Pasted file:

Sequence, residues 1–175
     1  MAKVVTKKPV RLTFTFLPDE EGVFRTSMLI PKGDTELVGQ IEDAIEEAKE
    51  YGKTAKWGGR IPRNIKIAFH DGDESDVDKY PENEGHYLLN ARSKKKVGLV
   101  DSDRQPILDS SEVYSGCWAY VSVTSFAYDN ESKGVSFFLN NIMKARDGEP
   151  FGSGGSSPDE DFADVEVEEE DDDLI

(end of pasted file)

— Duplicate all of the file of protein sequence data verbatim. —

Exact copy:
Sequence, residues 1–175
     1  MAKVVTKKPV RLTFTFLPDE EGVFRTSMLI PKGDTELVGQ IEDAIEEAKE
    51  YGKTAKWGGR IPRNIKIAFH DGDESDVDKY PENEGHYLLN ARSKKKVGLV
   101  DSDRQPILDS SEVYSGCWAY VSVTSFAYDN ESKGVSFFLN NIMKARDGEP
   151  FGSGGSSPDE DFADVEVEEE DDDLI